This Court agrees with the Bankruptcy Court. The Sixth Circuit in In re Butcher, 829 F.2d 596 (6th Cir.1987), cert. denied, 484 U.S. 1078, 108 S.Ct. 1058, 98 L.Ed.2d 1020 ═ (1988), rejected a similar claim, and held that under a Bankruptcy Code provision requiring action to avoid preferential or fraudulent treatment to be commenced within two years after appointment of the trustee, the two╜year period begins to run as of the date of the trustee's appointment, rather that the day after the trustee's appointment, and ex╜pires 24 months later, irrespective of whether the last day falls on a Saturday, Sunday or legal holiday. Id. at 600-601. Such holding is consistent with 28 U.S.C. ╖ 2075, which states in pertinent part that the Federal Rules of Bankruptcy Procedure "shall not abridge, enlarge, or modify any substantive right." To apply Fed.R.Bankr.P. 9006 to expand the date that is "two years before the date of the filing of the petition" would be to impermissibly modify a substantive right. In short, Debtor-Appellant's argument is not well-taken.
In Debtor-Appellant's second as╜signment of error he claims that the Bank╜ruptcy Court erred in applying a "physical delivery rule" for determining the filing date of the 1987, 1988, and 1989 income tax re╜turns. The "physical delivery rule" holds that documents are deemed "filed" when " `delivered and received'" by the IRS. Mil╜ler v. United States, 784 F.2d 728, 730 (6th Cir.1986) (citations omitted). Debtor-Appel╜lant argues that because 11 U.S.C. ╖ 523 is a bankruptcy statute, questions of bankruptcy law are involved and the Internal Revenue Code is inapplicable. As support for this proposition, Debtor-Appellant relies on In re American Healthcare Management, Inc., 900 F.2d 827 (5th Cir.1990) and In re Buyer's Club Markets, Inc., 100 B.R. 37 (Bankr. D.Colo.1989). However, upon examination of these cases, the Court finds that neither is controlling of, or even germane to, the in╜stant case. 2
2 ═ Debtor-Appellant also cites " Re: Lazdis, (1989) BC WD Tex. 110 BR 479." However, such cite is incorrect, and this Court was unable to locate such case through research.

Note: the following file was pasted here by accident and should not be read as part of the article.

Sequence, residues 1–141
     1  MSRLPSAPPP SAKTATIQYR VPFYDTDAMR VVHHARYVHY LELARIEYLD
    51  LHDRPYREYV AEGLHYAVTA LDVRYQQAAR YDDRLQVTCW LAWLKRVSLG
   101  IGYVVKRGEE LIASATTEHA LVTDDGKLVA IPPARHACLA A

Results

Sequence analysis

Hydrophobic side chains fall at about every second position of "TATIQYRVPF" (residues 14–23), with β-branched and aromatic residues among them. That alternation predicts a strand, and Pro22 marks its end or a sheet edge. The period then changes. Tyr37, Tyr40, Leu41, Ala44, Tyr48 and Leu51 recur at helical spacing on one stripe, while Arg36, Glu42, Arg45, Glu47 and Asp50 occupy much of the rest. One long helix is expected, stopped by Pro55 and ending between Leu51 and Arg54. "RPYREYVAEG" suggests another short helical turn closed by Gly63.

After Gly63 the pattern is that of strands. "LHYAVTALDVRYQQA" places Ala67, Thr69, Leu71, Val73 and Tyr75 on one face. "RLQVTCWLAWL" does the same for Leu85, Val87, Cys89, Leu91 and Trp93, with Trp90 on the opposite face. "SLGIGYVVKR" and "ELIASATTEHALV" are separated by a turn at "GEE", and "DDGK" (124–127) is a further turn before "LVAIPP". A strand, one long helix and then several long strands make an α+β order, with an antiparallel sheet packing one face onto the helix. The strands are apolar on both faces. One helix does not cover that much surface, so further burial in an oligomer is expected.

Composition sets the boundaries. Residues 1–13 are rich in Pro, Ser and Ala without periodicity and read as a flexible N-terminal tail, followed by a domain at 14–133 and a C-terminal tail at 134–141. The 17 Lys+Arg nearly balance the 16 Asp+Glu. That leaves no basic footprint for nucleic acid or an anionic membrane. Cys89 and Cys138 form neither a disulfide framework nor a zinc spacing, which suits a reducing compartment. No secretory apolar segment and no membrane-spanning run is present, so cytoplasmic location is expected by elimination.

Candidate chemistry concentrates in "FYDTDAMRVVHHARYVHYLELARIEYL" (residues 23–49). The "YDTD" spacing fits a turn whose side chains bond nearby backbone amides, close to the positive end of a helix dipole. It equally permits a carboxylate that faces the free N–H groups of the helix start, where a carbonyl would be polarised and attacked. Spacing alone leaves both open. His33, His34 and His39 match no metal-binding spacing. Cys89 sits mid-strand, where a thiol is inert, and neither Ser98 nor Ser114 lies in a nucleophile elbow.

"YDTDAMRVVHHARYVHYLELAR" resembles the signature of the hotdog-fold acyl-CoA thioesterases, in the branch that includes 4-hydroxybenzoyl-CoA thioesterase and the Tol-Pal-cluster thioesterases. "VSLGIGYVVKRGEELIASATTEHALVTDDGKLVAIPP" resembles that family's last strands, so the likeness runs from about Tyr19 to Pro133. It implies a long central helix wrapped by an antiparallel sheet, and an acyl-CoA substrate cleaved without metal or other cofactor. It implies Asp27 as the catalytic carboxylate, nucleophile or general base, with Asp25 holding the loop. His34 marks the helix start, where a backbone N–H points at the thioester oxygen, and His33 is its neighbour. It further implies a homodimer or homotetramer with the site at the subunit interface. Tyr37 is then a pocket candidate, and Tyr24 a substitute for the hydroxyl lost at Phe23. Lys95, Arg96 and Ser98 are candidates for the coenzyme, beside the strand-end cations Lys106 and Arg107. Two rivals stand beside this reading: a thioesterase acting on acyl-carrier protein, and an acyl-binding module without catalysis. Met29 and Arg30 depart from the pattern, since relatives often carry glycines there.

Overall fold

The term "filed" is not defined in the Bankruptcy Code. Therefore, the Bankrupt╜cy Court properly applied the Internal Reve╜nue Code's definition of "filing." In general, an income tax return is deemed filed on the date when the return is physically delivered to and received by the IRS. Miller v. United States, 784 F.2d at 730. The Internal Revenue Code does contain a statutory ex╜ception to the physical delivery rule referred to the "timely mailing is timely filing" rule. 26 U.S.C. ╖ 7502. This rule provides that if a return is mailed on or before its prescribed due date, the date of delivery will be deemed to be the date of the postmark on the cover in which such return is mailed. 26 U.S.C. ╖ 7502. This rule is inapplicable to the in╜stant case, however, because Debtor-Appel╜lant's returns were late filed. See, e.g., Sanderling, Inc. v. Commissioner, 67 T.C. 176, 1976 WL 3701 (1976), aff'd in part, 571 F.2d 174 (3rd Cir.1978) (by the express terms of 26 U.S.C. ╖ 7502 the timely mailing is timely filing rule is inapplicable when a return is mailed after its due date). Conse╜quently, in the instant case, the date of filing is the date that the returns were received by the IRS, and that date is November 25, 1991. Debtor-Appellant's second assignment of er╜ror is not well-taken.
For the reasons set forth above, this Court will affirm the decision of the Bankruptcy Court denying Debtor-Appellant's motion for summary judgment, granting Appellant's mo╜tion for summary judgment, and ordering that Debtor-Appellant's tax liabilities for tax years 1987, 1988, 1989, and 1990 be excepted from discharge.
IT IS SO ORDERED.
For the reasons stated in the Memoran╜dum Opinion filed contemporaneously with this entry, IT IS HEREBY ORDERED, AD╜JUDGED and DECREED that the decision of the Bankruptcy Court denying Debtor-Appellant's motion for summary judgment, granting Appellant's motion for summary judgment, and ordering that Debtor-Appel╜lant's tax liabilities for tax years 1987, 1988, 1989, and 1990 be excepted from discharge is affirmed.